In order to conduct a quantitative fit test, you must have specific equipment designed for quantitatively fit testing employees. There are two main manufacturers of QNFT equipment currently available.

*Vest does not endorse any of these manufacturer’s products. This is provided for information purposes only.

The equipment listed above ensures that the employer meets the fit testing protocols by providing instructions through their website and equipment manuals to assist the fit tester.

Where can I find step by step instructions on how to perform a quantitative fit test?

The required minimum fit testing procedures for quantitative fit testing protocols can be found on the OSHA website here.

The manufacturers of the PortaCount and Quantifit devices have developed training videos for their users. You can find information on this equipment below.

Do I have to have a certification to conduct quantitative fit testing in house for my employees?

As with QLFT, there are no explicit requirements for the training of employees who provide fit testing services in-house. However, the person providing the fit test must be competent in the QNFT protocols and how to accurately utilize the necessary equipment.

In addition, the Program Administrator must be qualified by appropriate training or experience that is commensurate with the complexity of the program to administer or oversee the respiratory protection program and conduct the required evaluations of program effectiveness.

What if an employee fails a fit test using the quantitative method?

The reasons why a worker may fail a quantitative fit test are the same for a QLFT. As a refresher, here are a few reasons:

  • An incorrect size of respirator was selected
  • The respirator brand or model does not fit the persons face
  • The employee had facial hair or other facial features which interfere with the seal of the respirator
  • The respirator is damaged
  • The employee did not follow the instructions during the fit test
  • The fit tester performed an error during the test or did not follow the correct QNFT protocol

It is very important to remember that one of the main reasons why an employee may fail a fit test is because the respirator does not adequately fit the persons face. As OSHA requires that the employer selects and provides “a sufficient number of respirator models and sizes”, the first step would be to recheck the size to ensure it is appropriate for the employee’s face or offer an alternative respirator to be tested.

If an employee fails a fit test, it should not immediately disqualify them from wearing a respirator, but extra steps must be taken to ensure that the selected respirator protects the workers from the hazardous contaminants to which they are exposed. If an employee fails the QNFT, before conducting a QLFT, evaluate the requirements above to ensure that a QLFT would be appropriate for that type of respirator and the specific exposure.

What are the requirements for recordkeeping for quantitative fit tests?

The requirements for recordkeeping for QNFT include a fit test record for each employee with the following items:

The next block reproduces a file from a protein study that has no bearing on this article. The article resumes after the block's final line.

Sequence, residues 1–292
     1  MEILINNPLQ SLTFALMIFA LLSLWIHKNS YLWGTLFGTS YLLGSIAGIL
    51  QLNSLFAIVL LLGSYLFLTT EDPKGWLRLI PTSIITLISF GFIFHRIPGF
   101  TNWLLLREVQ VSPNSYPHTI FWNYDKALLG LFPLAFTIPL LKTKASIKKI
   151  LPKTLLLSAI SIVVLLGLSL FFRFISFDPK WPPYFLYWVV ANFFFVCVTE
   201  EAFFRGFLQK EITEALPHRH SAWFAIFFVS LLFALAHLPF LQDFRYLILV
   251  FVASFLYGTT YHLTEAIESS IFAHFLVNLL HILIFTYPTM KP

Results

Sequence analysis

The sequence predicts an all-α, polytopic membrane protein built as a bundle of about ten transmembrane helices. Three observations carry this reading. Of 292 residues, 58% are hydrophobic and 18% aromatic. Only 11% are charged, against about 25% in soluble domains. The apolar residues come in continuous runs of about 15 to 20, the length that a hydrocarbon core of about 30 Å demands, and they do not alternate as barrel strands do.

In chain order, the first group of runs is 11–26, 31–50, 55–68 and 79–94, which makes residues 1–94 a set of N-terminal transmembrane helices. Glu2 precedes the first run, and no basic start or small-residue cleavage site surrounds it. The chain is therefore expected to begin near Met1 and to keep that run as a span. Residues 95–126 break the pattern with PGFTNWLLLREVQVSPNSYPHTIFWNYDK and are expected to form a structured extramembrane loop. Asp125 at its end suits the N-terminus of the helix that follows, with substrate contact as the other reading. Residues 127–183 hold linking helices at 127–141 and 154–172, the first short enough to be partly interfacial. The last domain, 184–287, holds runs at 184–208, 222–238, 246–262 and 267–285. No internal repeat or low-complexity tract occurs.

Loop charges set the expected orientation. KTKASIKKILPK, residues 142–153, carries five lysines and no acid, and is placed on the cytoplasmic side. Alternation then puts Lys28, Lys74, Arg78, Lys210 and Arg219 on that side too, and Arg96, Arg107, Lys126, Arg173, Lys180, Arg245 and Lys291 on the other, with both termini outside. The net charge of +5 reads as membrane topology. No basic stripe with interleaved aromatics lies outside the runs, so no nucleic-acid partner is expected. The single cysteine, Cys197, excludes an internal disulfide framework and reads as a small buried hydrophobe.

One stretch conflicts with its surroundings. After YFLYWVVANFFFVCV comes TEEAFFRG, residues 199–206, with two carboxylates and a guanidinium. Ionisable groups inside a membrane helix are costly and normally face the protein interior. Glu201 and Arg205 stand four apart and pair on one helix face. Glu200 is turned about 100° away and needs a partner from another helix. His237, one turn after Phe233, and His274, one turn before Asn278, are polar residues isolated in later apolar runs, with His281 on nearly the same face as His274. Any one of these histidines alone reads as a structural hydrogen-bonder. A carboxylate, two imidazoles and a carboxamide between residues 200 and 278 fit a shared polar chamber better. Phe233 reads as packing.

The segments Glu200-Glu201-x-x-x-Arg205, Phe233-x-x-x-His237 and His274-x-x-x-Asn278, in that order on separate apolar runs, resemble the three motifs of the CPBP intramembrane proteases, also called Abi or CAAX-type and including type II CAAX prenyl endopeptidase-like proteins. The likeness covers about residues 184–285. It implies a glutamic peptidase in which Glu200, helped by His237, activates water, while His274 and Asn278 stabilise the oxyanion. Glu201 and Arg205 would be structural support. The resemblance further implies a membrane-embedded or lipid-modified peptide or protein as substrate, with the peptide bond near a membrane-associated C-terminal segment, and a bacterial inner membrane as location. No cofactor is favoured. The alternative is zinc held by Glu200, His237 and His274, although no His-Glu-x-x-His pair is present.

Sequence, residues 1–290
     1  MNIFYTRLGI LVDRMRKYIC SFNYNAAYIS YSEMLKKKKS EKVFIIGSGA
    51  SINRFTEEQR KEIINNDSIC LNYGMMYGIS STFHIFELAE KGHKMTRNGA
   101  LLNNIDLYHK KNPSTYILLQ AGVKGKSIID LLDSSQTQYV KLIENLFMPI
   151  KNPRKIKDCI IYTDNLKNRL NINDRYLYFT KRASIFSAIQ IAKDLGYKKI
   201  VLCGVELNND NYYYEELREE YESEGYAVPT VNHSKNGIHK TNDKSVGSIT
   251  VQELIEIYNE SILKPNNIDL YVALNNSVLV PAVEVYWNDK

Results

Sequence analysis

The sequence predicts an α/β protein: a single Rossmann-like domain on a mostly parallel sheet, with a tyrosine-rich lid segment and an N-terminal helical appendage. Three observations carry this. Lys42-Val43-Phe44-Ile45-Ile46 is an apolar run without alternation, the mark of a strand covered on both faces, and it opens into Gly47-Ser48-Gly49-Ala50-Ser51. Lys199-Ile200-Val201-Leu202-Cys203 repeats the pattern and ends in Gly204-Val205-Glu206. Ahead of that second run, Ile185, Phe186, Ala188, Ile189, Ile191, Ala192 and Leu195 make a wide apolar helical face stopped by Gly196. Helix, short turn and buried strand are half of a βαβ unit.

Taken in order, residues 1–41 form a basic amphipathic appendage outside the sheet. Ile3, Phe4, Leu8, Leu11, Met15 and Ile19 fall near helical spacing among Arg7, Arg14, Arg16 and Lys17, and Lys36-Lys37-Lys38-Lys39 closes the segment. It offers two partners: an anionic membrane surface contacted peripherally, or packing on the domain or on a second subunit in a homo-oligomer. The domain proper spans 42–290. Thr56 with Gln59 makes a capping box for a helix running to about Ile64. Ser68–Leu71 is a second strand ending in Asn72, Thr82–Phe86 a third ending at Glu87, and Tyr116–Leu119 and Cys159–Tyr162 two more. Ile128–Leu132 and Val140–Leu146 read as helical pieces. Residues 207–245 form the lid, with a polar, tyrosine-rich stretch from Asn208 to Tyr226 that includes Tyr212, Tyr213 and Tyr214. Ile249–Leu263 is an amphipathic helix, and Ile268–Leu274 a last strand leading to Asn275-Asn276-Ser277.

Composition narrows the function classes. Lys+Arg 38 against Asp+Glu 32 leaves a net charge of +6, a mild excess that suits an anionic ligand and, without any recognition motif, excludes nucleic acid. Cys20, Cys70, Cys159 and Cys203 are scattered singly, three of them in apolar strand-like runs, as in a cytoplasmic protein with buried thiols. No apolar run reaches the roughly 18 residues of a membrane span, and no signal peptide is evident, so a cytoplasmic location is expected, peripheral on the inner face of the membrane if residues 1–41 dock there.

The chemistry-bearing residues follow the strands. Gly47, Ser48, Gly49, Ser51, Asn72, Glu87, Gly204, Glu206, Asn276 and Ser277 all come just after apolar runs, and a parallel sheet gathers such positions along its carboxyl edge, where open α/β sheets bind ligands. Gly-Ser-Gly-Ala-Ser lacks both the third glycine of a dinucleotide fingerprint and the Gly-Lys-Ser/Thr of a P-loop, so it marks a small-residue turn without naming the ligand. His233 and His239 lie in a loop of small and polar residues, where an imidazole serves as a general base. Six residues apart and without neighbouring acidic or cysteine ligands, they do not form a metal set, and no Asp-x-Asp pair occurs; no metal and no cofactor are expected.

• The name or identification of the employee tested
  • Type of fit test performed
  • Specific make, model, style, and size of respirator tested
  • Date of test
  • The results for the quantitative fit test including the fit factor and strip chart recording

All fit test records must be maintained at least until the next fit test is administered which should be, at a minimum, within twelve (12) months of the previous fit test.

In addition to the documentation of the current respiratory protection program, the employer should also maintain documentation of the equipment calibration.

What are some of the concerns with using the quantitative fit testing method?

QNFT’s are very reliable but the equipment can be cost prohibitive for employers to acquire and maintain. The equipment also must be regularly calibrated to ensure accuracy.

  • It is important to note that there is a large rental market for this equipment. If there is a need to perform QNFT, the equipment can be rented for a short duration to limit associated cost.
  • It is also possible to hire an external vendor to visit your facility to perform multiple fit tests at once to minimize overall cost.

As with QLFT, the accuracy of the fit test result is dependent upon the fit testers ability to use and operate the equipment. Manufacturers of this equipment provide very detailed operating instructions available through their websites, on YouTube, and directions provided with the equipment.

Many employers require their employees to utilize respiratory protection. The selection of the quantitative fit testing protocol provides many benefits such as ensuring an accurate reading and reduction in time spent performing the tests. As with QLFT, QNFT are required at least annually to ensure that employees are protected from the hazards to which they are exposed. QNFT’s also require the employee to complete the Medical Evaluation Questionnaire (MEQ) and Vest can assist your business with easily meeting this requirement using our online respirator clearance system. Speak with a Vest representative about respirator clearance.